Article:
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HR Technology Trends 2021 (And Beyond)

Posted by Mathew French

9 February 2021

After all the disruption to work and the workplace in 2020, HR technology matters more than ever this year. That's according to Josh Bersin in "HR Technology 2021: The Definitive Guide." He believes that during the last 12 months, HR technology has moved from 'good to have' to 'essential to survival' and any technology which might have been previously purchased as an experiment has likely become mission-critical. In the first HR Blog for the year, let's look at the highlights from Bersin's guide so that you can get a better understanding of exactly why #HRtech matters more than ever in 2021 and beyond.

The Key Trends For 2021 and Beyond 

According to Bersin, the biggest shift in terms of how technology will be used to enable and enhance work going forward is what he calls the shift from HR technology to work technology, or, from #HRtech to #Worktech. What this essentially means is that all technology investments going forward should feel useful and important as a tool for getting work done. He advises businesses to consider everything that happens from the minute you leave home to the minute you clock out at night. Each part of the process is a step, stage, or series of activities that he believes can (and will) be facilitated and improved by technology. To that end, he's betting on a massive convergence between HR tech and work tech this year and into the future.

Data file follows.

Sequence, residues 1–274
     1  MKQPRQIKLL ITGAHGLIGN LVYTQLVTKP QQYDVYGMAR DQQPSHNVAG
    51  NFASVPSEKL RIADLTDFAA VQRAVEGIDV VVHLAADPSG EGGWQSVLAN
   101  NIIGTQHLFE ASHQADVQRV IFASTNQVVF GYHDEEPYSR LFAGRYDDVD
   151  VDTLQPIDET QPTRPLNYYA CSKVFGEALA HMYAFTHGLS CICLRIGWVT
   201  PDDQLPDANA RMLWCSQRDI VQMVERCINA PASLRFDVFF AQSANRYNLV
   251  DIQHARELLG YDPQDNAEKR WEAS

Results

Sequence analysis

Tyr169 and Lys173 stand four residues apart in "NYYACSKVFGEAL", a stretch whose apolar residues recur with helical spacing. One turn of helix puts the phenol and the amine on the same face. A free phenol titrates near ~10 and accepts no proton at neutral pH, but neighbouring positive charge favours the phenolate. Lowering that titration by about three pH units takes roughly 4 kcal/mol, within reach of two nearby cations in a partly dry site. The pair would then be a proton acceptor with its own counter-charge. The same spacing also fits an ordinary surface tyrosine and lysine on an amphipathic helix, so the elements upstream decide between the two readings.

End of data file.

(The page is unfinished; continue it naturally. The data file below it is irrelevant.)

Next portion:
Bersin also believes that the other big shift in 2021 is something that has been coming for a long time - a bigger focus on Employee Experience (EX). Throughout 2020 he says, employees did not have the time, interest, or attention span to log into an HR system, poke around looking for the right page, and then enter their vacation schedule. At most, they had the bandwidth to talk or chat with the system. Going forward he says to keep an eye out for easy-to-use apps that fit right into existing tools at work to create ecosystems of complementary tech that enhance and improve the employee experience.